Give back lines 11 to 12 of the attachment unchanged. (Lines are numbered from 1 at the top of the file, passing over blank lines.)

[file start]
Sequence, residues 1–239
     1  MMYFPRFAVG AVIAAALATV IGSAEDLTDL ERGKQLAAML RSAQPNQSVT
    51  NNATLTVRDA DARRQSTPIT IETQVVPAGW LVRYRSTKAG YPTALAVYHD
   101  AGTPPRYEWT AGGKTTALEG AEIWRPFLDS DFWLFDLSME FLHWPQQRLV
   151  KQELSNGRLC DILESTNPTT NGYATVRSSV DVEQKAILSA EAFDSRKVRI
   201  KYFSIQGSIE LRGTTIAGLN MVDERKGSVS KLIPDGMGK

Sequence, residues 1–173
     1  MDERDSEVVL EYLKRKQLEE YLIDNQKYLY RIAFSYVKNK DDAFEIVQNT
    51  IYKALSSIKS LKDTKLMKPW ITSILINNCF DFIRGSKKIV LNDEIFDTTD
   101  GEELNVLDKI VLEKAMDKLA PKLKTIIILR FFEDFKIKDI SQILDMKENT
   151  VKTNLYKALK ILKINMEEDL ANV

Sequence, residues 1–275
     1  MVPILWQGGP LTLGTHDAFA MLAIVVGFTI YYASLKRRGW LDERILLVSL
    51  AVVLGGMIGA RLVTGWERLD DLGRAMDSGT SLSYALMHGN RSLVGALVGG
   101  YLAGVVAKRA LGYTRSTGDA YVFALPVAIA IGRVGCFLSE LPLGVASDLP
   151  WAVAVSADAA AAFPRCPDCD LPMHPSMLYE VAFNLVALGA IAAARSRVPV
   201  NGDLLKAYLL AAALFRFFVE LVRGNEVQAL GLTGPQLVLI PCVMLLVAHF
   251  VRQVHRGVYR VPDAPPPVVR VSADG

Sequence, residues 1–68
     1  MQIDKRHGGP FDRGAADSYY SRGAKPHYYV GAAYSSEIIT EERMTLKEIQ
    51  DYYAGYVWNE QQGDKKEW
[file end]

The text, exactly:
   151  VKTNLYKALK ILKINMEEDL ANV

Sequence, residues 1–275